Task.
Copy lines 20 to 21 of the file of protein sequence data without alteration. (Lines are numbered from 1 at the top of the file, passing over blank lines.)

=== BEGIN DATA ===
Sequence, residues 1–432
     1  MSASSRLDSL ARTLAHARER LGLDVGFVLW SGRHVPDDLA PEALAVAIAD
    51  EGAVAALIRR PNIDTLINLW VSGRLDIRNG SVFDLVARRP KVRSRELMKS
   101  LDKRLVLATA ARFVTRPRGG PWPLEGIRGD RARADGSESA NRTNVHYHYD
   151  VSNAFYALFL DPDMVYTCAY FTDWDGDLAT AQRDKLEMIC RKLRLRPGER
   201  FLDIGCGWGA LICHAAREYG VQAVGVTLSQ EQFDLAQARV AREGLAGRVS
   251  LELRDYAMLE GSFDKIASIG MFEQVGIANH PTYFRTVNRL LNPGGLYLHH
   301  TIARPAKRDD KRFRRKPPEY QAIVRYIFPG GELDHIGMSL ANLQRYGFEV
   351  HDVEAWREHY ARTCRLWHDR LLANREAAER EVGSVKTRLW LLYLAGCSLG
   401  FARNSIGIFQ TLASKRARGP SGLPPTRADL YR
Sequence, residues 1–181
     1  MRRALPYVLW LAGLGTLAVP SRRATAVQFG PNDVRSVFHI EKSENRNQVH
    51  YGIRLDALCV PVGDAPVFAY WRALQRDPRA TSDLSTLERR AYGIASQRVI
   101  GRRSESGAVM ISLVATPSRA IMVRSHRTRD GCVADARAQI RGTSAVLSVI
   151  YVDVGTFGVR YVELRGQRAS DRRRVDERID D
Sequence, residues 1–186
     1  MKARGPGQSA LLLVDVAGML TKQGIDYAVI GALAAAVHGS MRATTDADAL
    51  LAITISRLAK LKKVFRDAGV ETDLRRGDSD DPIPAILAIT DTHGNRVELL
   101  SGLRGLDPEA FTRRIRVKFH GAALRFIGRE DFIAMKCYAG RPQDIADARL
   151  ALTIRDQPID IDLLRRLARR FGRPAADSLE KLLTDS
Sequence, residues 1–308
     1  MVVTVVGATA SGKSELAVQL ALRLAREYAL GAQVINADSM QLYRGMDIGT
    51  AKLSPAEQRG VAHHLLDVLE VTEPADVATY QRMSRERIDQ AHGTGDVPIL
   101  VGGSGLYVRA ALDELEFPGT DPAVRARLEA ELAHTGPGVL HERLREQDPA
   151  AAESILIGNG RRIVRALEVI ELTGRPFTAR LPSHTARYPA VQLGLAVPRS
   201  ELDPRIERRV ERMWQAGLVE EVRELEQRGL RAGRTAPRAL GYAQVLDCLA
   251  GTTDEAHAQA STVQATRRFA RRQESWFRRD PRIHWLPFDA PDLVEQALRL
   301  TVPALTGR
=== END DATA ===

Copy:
   151  ALTIRDQPID IDLLRRLARR FGRPAADSLE KLLTDS
Sequence, residues 1–308